Three Bob Dylan Re-Recordings to Go Up for Private Sale Via Christie’s: ‘Simple Twist of Fate,’ ‘Gotta Serve Somebody,’ ‘Masters of War’ (EXCLUSIVE)

Following the auction in 2022 of a new version of “Blowin’ in the Wind” that sold to a bidder for $1.8 million, three more re-recordings Bob Dylan has made of his classic songs with producer T Bone Burnett are also now being put up for sale via Christie’s: “A Simple Twist of Fate,” “Masters of War” and “Gotta Serve Somebody.” But this time, the purchase of the unique discs containing the songs will happen via a private sale, rather than a public auction.

As with “Blowin’ in the Wind,” the three songs being offered to prospective buyers of means as one-of-a-kind Iconic discs come from a recording session Dylan did in 2021 with Burnett. That leaves two other songs Dylan cut at the time that are still being withheld for a future sale: “Not Dark Yet” and “The Time They Are A-Changin’.”

The proprietary format Burnett has developed to manufacture the discs is in an analog format but, unlike vinyl records, said to be almost unsusceptible to normal wear-and-tear. Christie’s says these three discs will be custom-manufactured and signed for the buyers — or buyer, if one party were to buy all three — and placed in a display case that is different from the custom box that the “Blowin’ in the Wind” recording was sold with last year.

“We’ve stayed in constant touch with T Bone over the past year after our exciting result last July,” Elizabeth Seigel, the head of private and iconic collections for Christies, tells Variety. “There was much interest and speculation last year in what’s going to happen with the other recordings. We’ve been brainstorming together what a next step could be in trying to reach maybe some of the same people we had interest from in the auction last year, but also the potential to reach new buyers who may be interested. So I broached the idea to them of a private sale going out on our Christie’s, and they were very interested by the idea. The auction process can be daunting for those who haven’t partaken in it before, so this is just another channel that we employ to interact with our clients.”

Burnett puts it this way: “I realized when we had an auction that we had no idea who was going to buy it. It could have been somebody just to hoard it or something. … Christie’s actually came to us and said, ‘What if we do a private sale of these [next ones]?’ So that’s what we’re doing with these three pieces now.”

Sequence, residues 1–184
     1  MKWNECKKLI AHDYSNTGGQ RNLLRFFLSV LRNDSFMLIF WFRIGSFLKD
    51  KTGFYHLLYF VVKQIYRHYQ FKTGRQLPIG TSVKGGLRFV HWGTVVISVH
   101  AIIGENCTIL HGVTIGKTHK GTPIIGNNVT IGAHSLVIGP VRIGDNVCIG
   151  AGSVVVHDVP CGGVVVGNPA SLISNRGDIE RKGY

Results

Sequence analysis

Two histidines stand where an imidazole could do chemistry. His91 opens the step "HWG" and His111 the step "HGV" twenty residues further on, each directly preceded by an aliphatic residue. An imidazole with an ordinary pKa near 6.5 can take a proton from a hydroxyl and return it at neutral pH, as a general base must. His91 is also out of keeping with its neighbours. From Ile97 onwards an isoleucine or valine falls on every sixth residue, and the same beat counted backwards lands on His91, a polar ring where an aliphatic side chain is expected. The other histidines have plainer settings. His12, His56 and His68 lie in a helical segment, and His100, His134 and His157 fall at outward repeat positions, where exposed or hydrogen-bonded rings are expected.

The Christie’s page that provides information to prospective buyers about the three discs and how to begin negotiations for them is here.

The identity of the party that won the auction for “Blowin’ in the Wind” last year for $1.8 million has never been revealed, nor has what use, if any, that person or group intends for the recording beyond private ownership. Whoever purchases these three discs now being put up, it will be up to them, as well, whether to identify themselves and whether to make the music available to the greater public in some form. Burnett hopes the recordings will be heard by everyone who wants to hear them at some point, but that will be up to the owner.

“Somebody could buy all three. And that might not be the worst eventuality either, if it was the right person, you know?” Burnett says. “Because there’s a Michelangelo painting that sold recently for $450 million, but you can look at it in Wikipedia, so even fine art gets mass-distributed in some form sooner or later.” But the buyer just putting the songs on streaming services might be the antithesis of the point they are making with these sales — that this is fine-art-quality work being non-mass-produced in what he calls the greatest audiophile form possible. “I could imagine an exhibition set up a room where people could go in and listen to these things. That would be interesting,” the producer says. “I would love for people to be able to hear these discs the way they actually sound, rather than a copy of a copy of a copy of them or something like that.”

Besides the discs being put up for private sale rather than auction, one other difference this time is how they will be handed over to the buyer for future display and/or storage purposes. “What’s the best way to secure these discs long term? I think we’ve invented a really great package for them that we can secure the other discs in when it’s time,” Burnett says, without elaborating on exactly what form that might take.

Says Seigel, “This is actually just such a unique opportunity in that if someone agrees to buy them, a recording will be custom-cut for them. It’s really a bespoke process that we will undertake. With the first recording last year, we had it all (beforehand) — they cut it on the new Ionic technology, they had a beautiful custom box made, and there were listening events in L.A. and here in New York and in London, in advance of the sale. But this time we’re doing it a little differently, and if someone wants to purchase one, we will work in the process with them,. And you know when T Bone and Bob Dylan are signing that disc, it will be directly for the client who’s purchasing it. So it’s a really once-in-a-lifetime opportunity.”

Burnett has already been playing these three songs for friends in the music community in cities around the country, prior to Christie’s talking with interested buyers. Part of it is for them to enjoy Dylan’s work and part of it is to enlist interest in the possibility for future Iconic recordings that might be available as limited editions and not just auction-level one-of-ones.